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October Cartoon: 3 Ways to Avoid Bare-hand Contact
TCS food vultures

As a food worker, it is important to understand why avoiding bare-hand contact is crucial to food safety. Even after washing your hands, they can still have pathogens on them, especially if you are sick. Norovirus, for example, can easily be spread through person-to-food contact. In addition to bacteria and viruses, dirt and grime can get stuck on your hands and pass to the food, making your customers sick. Using the proper barriers can prevent your customers from getting sick.

1. Wear single-use gloves

Single-use gloves are a great tool to avoid bare-hand contact—as long as you use them right. Gloves should be clean and used with the right food. If you have been cutting raw meat and will be switching tasks, wash your hands and change your gloves before beginning the new task.

If you have contaminated them by doing tasks like taking out the garbage, using the cash register, or touching your face or hair, wash your hands and change your gloves.

If your gloves become torn or visibly dirty, you should also wash your hands and change gloves.

You should also change your gloves if you have been working on one task for four hours. This is the amount of time it takes for bacteria to grow to dangerous levels.

2. Use tongs and utensils

Using tongs and utensils will help prevent bare-hand contact when you prepare and serve food! Always use clean and sanitized utensils and be sure they don’t get contaminated. If the utensils become contaminated, like if they fall on the floor or fall into the food, properly wash them before using them again.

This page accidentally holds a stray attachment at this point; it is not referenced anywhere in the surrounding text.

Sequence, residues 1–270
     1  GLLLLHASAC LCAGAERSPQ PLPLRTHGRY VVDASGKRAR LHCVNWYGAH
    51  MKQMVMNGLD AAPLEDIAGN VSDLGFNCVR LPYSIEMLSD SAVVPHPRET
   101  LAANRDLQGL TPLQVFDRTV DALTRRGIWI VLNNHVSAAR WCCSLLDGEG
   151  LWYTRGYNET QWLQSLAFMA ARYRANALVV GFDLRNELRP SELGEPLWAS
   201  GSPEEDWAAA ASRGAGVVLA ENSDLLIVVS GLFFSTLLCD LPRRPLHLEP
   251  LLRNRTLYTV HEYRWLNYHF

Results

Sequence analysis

If you store time/temperature control for safety (TCS) foods without temperature control, you should discard the food after four hours and wash the utensils and dishes before using them for other food.

If you have a self-service area, like a buffet or salad bar, each food item should have its own serving utensil.

3. Avoid touching the eating side of dishes

When serving orders, be aware of where your hands are to avoid bare-hand contact with the food. For example, you should keep your fingers and hands underneath the dish if possible. If the dish is hot, use the proper equipment to keep from burning yourself.

If you garnish the food, also make sure you are using gloves or utensils when putting the garnish on. If you think something may have been contaminated, discard the dish and prepare a new one.

Preparing food with bare hands

There are certain foods that are easier to prepare without gloves or tongs. For example, sushi is easiest to prepare bare-handed. If you make foods like this and you do not serve a highly susceptible population, you will need to obtain an official variance from your local regulatory authority. A "variance" is a special permission from the health department (or other regulatory authority) to deviate from the standard no-bare-hand-contact rule.

To get a variance, you will need to create a Hazard Analysis Critical Control Point (HACCP) plan where you identify steps in the food preparation process where hazards could be introduced and precautions to control them. Following a HACCP plan can prevent foodborne illness outbreaks.

For more information and other food safety tips, visit

— Janilyn Hutchings

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